> The German Book Office’s (GBO) first-ever translation competition has been won by Kurt Beals, who was awarded a $600 commission to translate the first 15 pages of Nora Bossong’s novel “Gesellschaft mit beschraenkter Haftung” into English.
Ethos of the competition
The competition launched in autumn 2012 in a joint attempt by the GBO and the Goethe-Institut’s New York offices to bolster German-language translations in the United States.
The organisations worked together to put aspiring German language translators in contact with US editors and to kick-start beneficial relationships within the industry. Importantly, applicants could not be well-established translators, were limited to having one translated book published in English and needed to be US-based.
Once Kurt Beals, a PhD Candidate in German Literature and Culture at Berkeley, completes his translation, the book’s German publisher, Hanser Verlag, will send it to US publishing houses to get it acquired.
Process of elimination
The competition’s debut received nearly 60 applicants, with translator having to convert a 700-word extract from Nora Bossong’s novel. The extracts were judged by a jury of American editors with no knowledge of German to create a short list of nine, judged purely on their merit in English.
A second jury of established German-to-English translators – Susan Bernofksy, Burton Pike and Ross Benjamin – reviewed the shortlist by comparing the English translations to the German originals and selected three finalists.
On 12 December 2012, at the Goethe-Institut in New York, the three finalists were invited to a panel discussion where their work was discussed and Kurt Beals was ultimately announced as the winner.
German Book Office New York
The German Book Office, which ran the competition, is an influential non-profit organisation in New York, founded in 1998. Funded by the German Foreign Office, its main purpose is to promote German books for translation into English.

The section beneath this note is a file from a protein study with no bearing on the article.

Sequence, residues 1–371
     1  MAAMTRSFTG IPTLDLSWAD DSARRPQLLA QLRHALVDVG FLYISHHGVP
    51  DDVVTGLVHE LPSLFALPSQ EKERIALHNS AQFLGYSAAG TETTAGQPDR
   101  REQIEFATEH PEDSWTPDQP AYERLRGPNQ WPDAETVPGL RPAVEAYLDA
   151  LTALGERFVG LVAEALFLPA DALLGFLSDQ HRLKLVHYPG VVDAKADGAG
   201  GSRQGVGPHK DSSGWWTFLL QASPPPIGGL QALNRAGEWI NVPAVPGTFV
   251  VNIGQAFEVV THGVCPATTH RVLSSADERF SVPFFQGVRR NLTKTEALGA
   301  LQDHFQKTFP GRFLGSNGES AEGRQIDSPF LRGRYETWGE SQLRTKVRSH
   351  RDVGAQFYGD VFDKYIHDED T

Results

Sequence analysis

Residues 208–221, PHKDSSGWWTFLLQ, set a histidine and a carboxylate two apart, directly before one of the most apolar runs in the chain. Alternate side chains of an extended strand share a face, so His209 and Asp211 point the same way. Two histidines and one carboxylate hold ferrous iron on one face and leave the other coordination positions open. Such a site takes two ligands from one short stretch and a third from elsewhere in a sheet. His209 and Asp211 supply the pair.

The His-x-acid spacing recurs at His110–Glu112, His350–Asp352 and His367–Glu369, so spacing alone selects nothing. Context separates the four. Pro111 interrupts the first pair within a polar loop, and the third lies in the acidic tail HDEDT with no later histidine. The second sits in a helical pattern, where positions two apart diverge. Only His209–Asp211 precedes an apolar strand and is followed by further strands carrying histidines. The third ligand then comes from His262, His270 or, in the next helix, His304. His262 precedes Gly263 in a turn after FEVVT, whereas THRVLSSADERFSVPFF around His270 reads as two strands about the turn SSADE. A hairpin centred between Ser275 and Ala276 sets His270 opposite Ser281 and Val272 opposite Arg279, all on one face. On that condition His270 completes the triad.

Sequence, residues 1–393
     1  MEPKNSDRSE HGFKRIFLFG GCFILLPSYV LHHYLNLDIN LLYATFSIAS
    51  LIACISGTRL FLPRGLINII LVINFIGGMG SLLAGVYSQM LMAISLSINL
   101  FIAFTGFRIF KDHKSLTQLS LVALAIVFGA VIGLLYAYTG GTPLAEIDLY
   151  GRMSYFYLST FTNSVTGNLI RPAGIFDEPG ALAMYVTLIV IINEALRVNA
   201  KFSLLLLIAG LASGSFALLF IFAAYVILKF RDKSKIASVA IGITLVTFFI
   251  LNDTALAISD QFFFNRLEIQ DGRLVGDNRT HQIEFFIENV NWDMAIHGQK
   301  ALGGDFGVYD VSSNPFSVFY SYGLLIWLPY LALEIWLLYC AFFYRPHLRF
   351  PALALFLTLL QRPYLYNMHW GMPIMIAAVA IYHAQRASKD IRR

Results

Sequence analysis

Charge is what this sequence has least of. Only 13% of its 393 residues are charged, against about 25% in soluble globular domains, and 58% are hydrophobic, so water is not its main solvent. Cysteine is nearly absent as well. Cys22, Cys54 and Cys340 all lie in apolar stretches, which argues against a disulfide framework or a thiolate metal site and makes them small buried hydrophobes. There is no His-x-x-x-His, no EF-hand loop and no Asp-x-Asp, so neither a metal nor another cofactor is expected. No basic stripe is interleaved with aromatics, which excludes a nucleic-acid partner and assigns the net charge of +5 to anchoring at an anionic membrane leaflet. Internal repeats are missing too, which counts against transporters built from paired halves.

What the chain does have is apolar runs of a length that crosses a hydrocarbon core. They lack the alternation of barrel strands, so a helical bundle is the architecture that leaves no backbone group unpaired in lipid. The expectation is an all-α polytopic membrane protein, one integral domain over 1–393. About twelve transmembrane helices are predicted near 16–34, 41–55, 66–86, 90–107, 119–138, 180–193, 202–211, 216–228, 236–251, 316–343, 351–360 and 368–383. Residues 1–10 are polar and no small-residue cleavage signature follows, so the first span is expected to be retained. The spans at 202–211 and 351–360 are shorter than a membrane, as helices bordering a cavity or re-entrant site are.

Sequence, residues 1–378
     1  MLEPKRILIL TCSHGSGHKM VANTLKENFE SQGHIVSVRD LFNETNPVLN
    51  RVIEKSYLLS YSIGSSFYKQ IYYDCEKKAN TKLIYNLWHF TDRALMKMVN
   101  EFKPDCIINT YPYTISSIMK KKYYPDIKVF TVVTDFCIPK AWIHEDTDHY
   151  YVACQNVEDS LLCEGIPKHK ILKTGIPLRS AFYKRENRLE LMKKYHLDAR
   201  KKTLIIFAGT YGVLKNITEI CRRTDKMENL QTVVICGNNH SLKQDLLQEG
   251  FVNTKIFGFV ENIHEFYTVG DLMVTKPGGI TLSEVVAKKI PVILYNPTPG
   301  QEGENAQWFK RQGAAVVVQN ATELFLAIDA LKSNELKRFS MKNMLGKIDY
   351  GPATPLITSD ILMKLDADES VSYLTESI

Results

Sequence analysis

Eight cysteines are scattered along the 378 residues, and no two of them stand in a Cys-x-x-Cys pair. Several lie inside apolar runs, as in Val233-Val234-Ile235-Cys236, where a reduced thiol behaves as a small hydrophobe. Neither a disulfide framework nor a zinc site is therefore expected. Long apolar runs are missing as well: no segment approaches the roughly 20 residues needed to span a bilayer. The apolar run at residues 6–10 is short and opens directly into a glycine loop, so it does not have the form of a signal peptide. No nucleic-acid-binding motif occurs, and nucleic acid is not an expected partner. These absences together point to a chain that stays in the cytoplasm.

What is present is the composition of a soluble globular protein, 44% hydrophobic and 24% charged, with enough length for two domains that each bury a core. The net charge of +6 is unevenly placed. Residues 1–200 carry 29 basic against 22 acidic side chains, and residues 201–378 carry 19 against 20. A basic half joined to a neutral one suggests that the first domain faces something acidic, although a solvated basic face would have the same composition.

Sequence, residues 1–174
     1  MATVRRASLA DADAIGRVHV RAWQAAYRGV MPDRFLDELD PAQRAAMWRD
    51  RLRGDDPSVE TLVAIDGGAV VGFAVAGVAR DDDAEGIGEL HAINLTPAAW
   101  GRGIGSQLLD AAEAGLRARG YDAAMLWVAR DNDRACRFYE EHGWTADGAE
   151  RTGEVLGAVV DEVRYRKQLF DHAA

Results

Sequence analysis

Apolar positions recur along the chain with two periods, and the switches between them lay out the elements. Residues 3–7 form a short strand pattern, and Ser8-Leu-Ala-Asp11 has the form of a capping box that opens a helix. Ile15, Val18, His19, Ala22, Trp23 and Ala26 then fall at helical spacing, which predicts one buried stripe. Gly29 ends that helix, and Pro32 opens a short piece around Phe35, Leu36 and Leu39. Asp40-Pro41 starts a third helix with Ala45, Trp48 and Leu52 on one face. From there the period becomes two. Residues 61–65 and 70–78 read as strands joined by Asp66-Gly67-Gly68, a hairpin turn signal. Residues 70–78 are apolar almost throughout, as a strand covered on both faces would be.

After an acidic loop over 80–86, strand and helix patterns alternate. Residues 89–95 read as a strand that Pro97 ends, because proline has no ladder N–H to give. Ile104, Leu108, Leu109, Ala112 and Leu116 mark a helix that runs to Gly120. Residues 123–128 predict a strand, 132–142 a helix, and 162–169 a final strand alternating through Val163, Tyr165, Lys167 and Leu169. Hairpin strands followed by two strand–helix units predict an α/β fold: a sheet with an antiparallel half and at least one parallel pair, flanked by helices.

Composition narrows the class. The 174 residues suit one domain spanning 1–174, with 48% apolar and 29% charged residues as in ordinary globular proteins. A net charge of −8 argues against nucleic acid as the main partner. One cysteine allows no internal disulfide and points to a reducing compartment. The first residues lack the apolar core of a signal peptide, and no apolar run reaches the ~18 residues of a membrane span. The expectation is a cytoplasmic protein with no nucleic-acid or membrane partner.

The focus on English translations is well-researched – English is essentially the world’s language and will open up German literature to an incredibly wide audience, much to the benefit of German literature at its writers.
The competition is a positive step to increase the quality and accuracy of literary translations. No matter what the original language, it is essential to take great care to ensure translations reflect the original text fluently.
The debut of the GBO translation competition has been a success in discovering new talent and raising awareness of the expertise and skill required in the translation industry. Hopefully, its profile will rise in the coming years, making it a formidable force in literary translation.
Encouraging high-quality translations
Of course, English speakers will also benefit from this initiative, as placing a focus on language can greatly support business relations with new and emerging markets. Germany is the largest economy in Europe and a major power in trade and for the import and export of goods in the EU. Greater exposure to the German language will help strengthen business ties with Germany and other German-speaking countries, Switzerland and Austria.
Although English is often the lingua franca in business, having other language skills can often strengthen a relationship while also opening new doors. Companies are realising that not all partners or competitors have a grasp of English, making language expertise or translation services are a must.
For all international, cross-lingual business communication, it is always important to engage professional translation companies. They will ensure that no miscommunication occurs during important business meetings or contracts.
At Today Translations, we have a team of professional translators, interpreters and linguists with many years of experience in literary translation. Their fluency and linguistic knowledge are combined with cultural understanding to create accurate translations from different types of texts on a range of subjects.
To discuss your translation requirements, please call us on +44 (0) 207 397 2770, or email us at [email protected].